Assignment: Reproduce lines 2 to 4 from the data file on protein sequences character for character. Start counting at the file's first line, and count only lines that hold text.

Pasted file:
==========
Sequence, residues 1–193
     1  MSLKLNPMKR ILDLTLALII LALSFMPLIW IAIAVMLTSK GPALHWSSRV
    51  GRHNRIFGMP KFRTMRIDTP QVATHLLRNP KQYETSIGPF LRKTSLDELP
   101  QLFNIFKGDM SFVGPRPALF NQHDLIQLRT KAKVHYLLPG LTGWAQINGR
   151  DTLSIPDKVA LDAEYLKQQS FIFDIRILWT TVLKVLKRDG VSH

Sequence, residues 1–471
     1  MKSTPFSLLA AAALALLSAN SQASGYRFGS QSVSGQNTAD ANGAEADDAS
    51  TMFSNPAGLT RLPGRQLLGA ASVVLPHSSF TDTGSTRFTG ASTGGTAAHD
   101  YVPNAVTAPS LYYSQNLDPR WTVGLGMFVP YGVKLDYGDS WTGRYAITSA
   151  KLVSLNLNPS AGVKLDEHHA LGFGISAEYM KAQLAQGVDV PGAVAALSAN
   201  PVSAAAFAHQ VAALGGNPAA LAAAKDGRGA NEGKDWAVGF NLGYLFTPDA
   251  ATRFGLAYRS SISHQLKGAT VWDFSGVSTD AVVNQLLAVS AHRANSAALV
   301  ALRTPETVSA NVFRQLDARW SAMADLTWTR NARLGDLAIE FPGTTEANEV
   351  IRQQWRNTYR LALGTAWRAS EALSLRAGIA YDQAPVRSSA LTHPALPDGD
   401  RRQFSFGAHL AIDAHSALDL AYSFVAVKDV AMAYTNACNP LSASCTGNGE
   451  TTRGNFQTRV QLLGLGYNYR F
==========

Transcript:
     1  MSLKLNPMKR ILDLTLALII LALSFMPLIW IAIAVMLTSK GPALHWSSRV
    51  GRHNRIFGMP KFRTMRIDTP QVATHLLRNP KQYETSIGPF LRKTSLDELP
   101  QLFNIFKGDM SFVGPRPALF NQHDLIQLRT KAKVHYLLPG LTGWAQINGR